Restemming a Small Porcelain Bowled Gourd Calabash


Blog by Steve Laug

In my box of bowls, collected over the years I had this small gourd calabash pipe with a ceramic cup insert. Somewhere along its journey someone had broken the tenon off in the shank. I was looking at it this morning and was drawn to it. There was something about the little calabash that was attractive. The golden shank extension and the white porcelain cup looked good. I imagined what it would look like with a black stem and figure it would be a good one to fiddle with while I waited for calls that I was expecting. To start off the work I would need to remove the broken tenon in the shank. There are multiple ways to do that but first I tried to pull it with a screw twisted into the airway but it would not budge. I removed the porcelain bowl from the gourd and set it aside to work on later. I did not drop it by accident. I used my cordless drill and a bit the same size as the mortise and slowly drill the broken tenon out of the mortise. It did not take long before it dropped out of the mortise in pieces as shown in the photos below. I went through my can of stems and found one that I thought looked good with golden coloured shank extension and gourd. It is a fancy stem that is paneled once passed the saddle.The tenon was a little large for the mortise so I used a Dremel and sanding drum to start the process of taking down. I noticed that the tenon was not centered on the stem so I used a rasp to bring it back to center and remove the excess vulcanite. I sanded it smooth with a folded piece of 220 sandpaper and fit it on the shank. I took photos of the look of the stem at this point. I would need to give it a slight bend before it was finished, but I liked the look of it.I set the gourd and stem aside for awhile and turned to work on the porcelain bowl. It was a dirty mess with lava on the rim top and a thick cake in the bowl. I removed the lava on the rim top by dry sanding it with a 1500 grit micromesh sanding pad. I was able to remove all of the build up and get it back to the porcelain finish underneath.I scraped out the cake in the bowl with a Savinelli Fitsall Pipe Knife and took it back to bare walls. The bowl and airway at the bottom were in excellent condition. I scrubbed the internal of the bowl and the exterior of the cup and rim top with a tooth brush and some dish soap to remove the grime that had build up and leave the bowl clean and fresh smelling.I cleaned up the inner edge of the bowl with a folded piece of worn 220 grit sandpaper to smooth out the nicks in the edge. When I finished it looked better.I polished the porcelain cup top with micromesh sanding pads – dry sanding with 1500-12000 grit pads. I wiped the cup top down after each pad with a damp cloth to remove the dust and debris. The cup really took on a shine.The gourd was quite clean inside. I wiped it out with a paper towel to remove the debris. I used some Vaseline petroleum jelly renew the cork gasket around the inside of the gourd neck. I worked it in with my fingertips and let it sit until the dry cork had absorbed the jelly and was more elastic.I worked some Before & After Restoration Balm into the surface of the gourd with my finger tips to enliven, clean and protect the surface. I let it sit on the gourd for 15 minutes then buffed it off with a soft cloth. The gourd really came alive with the product. I put the porcelain cup back on the gourd bowl and took pictures of the pipe at this point in the restoration and restemming. I set the gourd and cup aside and turned my attention to the stem. I put a slight bend in the stem using my heat gun. The photo below shows the bend. The angle of the bend makes the pipe level in the mouth.I polished the vulcanite with micromesh sanding pads – 1500-12000 grit pads. I wiped it down with Obsidian Oil after each sanding pad. I used Before & After Pipe Polish – both Fine and Extra Fine to further polish the stem.  This Delicate Looking Small Porcelain Bowled Gourd Calabash is a great looking older pipe. I have no idea of the age of the pipe but I have had it in my box of bowl for probably15-18 years and I have no memory of where I picked it up or when. It is a great looking pipe that came out looking even better with the newly fit stem. The finish on the pipe is in excellent condition. The white of the porcelain cup works well with the orange/brown of the gourd, the golden shank extension and the polished black vulcanite fancy stem adds to the mix. With the grime gone from the finish and the bowl it was a beauty and is eye-catching. I put the stem back on the bowl and buffed the pipe with Blue Diamond on the buffing wheel being careful to not drop or damage the bowl or gourd. I gave the gourd and the stem multiple coats of carnauba wax on the buffing wheel and followed that by buffing it with a clean buffing pad. I hand buffed the pipe with a microfiber cloth to deepen the shine. The finished Porcelain Bowled Gourd Calabash is quite nice and feels great in the hand. Give the finished pipe a look in the photos below. I can only tell you that like the other pipes I am working that it is much prettier in person than the photos capture. The dimensions of the pipe are Length: 6 ½ inches, Height: 3 ½ inches, Outside diameter of the bowl: 1 ½ inches, Chamber diameter: ¾ of an inch. The weight of the pipe is 42grams/1.48oz. It will soon be added to the Ceramic and Meerschaum Pipes section on the rebornpipes store. Thanks for walking through the restoration with me as I worked over another beautiful pipe. Remember we are not pipe owners; we are pipemen and women who hold our pipes in trust until they pass on into the trust of the next generation.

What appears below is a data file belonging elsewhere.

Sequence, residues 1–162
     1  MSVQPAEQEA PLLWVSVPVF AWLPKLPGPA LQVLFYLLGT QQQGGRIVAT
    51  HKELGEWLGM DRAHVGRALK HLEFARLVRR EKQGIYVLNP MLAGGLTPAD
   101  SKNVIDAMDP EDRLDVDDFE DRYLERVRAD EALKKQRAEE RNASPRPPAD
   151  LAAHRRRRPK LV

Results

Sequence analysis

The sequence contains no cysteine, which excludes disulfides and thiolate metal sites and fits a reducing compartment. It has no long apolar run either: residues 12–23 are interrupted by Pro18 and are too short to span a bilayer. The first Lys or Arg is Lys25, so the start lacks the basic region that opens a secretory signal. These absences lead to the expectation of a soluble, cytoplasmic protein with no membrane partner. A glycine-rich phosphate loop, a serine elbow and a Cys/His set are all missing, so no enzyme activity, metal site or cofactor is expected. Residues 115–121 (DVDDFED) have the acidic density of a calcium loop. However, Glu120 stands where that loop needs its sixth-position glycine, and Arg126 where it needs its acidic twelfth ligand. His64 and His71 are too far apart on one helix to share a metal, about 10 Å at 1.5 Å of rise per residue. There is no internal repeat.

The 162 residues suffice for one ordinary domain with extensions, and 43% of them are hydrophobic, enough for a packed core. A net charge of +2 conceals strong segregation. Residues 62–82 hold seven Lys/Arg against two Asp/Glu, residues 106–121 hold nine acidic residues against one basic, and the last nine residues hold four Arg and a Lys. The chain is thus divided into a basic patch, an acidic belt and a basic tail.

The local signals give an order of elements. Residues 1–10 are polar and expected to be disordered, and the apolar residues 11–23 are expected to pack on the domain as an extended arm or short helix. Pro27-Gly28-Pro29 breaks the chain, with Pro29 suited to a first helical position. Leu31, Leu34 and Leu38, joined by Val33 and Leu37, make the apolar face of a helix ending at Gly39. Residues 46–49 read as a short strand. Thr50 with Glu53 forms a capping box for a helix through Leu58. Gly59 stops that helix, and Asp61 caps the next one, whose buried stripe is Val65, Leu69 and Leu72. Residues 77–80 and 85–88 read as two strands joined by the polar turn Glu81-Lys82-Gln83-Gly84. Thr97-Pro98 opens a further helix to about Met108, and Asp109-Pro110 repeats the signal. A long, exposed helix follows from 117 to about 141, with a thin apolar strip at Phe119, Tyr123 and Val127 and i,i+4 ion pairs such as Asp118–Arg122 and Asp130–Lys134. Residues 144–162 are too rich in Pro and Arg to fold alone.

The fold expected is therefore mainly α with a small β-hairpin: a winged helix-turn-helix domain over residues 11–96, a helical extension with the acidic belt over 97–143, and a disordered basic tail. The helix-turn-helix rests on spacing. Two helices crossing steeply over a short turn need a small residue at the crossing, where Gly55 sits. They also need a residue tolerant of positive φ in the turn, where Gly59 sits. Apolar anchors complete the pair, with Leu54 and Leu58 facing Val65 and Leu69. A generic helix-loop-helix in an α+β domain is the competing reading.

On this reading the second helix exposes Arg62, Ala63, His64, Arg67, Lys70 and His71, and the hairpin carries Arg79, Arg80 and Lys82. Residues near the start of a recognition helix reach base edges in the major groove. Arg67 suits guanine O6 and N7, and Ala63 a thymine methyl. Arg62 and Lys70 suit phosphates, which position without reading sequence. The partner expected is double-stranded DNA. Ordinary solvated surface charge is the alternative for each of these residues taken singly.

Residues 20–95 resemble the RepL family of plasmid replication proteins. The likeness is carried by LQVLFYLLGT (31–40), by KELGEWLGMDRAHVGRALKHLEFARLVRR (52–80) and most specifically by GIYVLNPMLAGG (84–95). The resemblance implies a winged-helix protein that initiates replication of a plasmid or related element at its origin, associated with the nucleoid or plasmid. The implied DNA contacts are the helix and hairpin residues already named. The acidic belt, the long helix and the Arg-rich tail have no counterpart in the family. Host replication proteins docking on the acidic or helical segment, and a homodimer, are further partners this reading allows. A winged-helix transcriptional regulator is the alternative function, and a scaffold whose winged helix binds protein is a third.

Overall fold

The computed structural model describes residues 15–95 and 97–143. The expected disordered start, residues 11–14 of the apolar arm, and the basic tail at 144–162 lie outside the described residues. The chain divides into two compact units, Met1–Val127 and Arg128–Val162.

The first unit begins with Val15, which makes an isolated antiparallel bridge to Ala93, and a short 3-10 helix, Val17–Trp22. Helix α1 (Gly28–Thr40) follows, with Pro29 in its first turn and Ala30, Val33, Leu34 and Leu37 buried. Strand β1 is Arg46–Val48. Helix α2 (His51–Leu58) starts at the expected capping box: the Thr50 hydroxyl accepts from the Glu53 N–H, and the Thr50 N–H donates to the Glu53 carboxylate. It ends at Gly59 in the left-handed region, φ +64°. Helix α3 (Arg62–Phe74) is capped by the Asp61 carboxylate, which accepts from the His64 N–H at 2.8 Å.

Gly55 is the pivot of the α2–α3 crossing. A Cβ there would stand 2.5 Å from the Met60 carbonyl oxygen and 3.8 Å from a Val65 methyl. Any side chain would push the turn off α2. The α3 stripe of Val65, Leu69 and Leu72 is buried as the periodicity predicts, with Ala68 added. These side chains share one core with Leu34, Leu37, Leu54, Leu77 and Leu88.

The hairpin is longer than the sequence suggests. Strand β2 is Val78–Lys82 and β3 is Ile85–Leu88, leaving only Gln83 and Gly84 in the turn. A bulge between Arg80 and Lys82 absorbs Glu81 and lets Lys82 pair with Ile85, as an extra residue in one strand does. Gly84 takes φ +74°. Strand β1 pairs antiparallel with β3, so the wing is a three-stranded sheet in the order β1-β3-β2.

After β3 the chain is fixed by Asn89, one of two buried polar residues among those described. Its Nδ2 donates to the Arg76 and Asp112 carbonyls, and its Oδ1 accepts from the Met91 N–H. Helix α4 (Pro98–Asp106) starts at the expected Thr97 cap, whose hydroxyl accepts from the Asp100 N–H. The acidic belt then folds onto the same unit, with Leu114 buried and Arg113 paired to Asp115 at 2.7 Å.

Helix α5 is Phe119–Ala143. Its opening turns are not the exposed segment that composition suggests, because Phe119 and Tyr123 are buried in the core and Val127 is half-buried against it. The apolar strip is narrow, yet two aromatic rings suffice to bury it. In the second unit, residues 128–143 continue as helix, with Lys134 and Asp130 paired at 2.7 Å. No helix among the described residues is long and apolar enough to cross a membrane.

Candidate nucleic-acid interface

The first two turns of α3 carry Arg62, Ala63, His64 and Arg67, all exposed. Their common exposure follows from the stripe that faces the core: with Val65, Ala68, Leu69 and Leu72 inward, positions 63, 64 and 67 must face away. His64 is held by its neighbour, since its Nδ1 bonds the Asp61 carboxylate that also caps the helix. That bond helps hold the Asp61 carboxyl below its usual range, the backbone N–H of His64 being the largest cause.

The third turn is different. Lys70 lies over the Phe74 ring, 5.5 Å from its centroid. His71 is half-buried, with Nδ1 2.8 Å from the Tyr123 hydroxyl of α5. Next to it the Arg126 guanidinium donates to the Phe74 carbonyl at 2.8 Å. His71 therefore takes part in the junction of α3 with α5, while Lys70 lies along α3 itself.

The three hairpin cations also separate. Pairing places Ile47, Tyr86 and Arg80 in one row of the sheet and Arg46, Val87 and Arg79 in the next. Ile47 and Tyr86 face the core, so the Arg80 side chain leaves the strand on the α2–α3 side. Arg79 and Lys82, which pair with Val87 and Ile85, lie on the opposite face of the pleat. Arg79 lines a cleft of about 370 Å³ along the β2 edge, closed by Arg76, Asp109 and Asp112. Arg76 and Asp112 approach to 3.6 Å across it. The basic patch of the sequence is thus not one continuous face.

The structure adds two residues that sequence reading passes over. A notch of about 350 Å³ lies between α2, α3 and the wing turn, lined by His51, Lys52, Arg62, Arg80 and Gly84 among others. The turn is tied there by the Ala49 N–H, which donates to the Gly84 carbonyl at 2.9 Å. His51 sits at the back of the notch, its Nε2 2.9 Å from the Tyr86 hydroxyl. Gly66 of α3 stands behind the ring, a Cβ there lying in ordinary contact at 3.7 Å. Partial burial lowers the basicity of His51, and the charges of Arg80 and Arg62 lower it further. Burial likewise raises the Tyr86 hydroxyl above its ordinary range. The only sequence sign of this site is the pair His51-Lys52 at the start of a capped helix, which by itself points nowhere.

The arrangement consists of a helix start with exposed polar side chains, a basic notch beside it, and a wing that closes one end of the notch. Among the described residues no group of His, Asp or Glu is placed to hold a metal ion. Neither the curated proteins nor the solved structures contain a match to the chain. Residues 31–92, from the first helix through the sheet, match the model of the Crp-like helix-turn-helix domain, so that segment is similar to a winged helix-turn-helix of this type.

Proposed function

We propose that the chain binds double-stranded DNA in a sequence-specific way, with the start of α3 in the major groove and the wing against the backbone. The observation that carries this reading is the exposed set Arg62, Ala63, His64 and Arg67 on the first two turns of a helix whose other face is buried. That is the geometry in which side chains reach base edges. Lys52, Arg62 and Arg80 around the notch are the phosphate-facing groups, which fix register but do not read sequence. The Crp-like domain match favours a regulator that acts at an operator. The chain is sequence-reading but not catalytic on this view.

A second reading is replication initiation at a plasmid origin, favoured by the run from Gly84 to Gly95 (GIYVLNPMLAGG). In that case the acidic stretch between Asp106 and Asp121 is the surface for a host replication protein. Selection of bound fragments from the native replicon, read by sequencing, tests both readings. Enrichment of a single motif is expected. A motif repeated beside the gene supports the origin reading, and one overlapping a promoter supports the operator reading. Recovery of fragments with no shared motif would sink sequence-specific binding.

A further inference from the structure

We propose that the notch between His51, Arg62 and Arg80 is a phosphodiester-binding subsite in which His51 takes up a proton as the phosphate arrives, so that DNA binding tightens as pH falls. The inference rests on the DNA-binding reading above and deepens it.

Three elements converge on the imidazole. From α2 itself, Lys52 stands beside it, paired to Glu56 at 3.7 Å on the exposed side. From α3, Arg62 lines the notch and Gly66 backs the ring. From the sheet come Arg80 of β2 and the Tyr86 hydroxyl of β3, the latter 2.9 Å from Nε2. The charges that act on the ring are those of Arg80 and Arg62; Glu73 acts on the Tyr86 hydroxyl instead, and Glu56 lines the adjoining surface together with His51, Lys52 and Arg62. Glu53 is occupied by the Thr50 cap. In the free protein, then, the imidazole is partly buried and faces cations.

1 thought on “Restemming a Small Porcelain Bowled Gourd Calabash

  1. Rick

    Impressive as always. It’s fortuitous that I came across this because I have a calabash with a problem that could well turn into the one yours had before you repaired it. The stem is just totally stuck in the meerschaum shank. Is it safe to put meerschaum and calabash in a freezer in hopes that it will remove it? I have done so w/ briar but haven’t worked w/ other materials before. I had a briar with the same problem that the freezer didn’t fix but alcohol finally loosened the stem but I’ve heard you should never use alcohol on meerschaum so I’m at a loss.

    Reply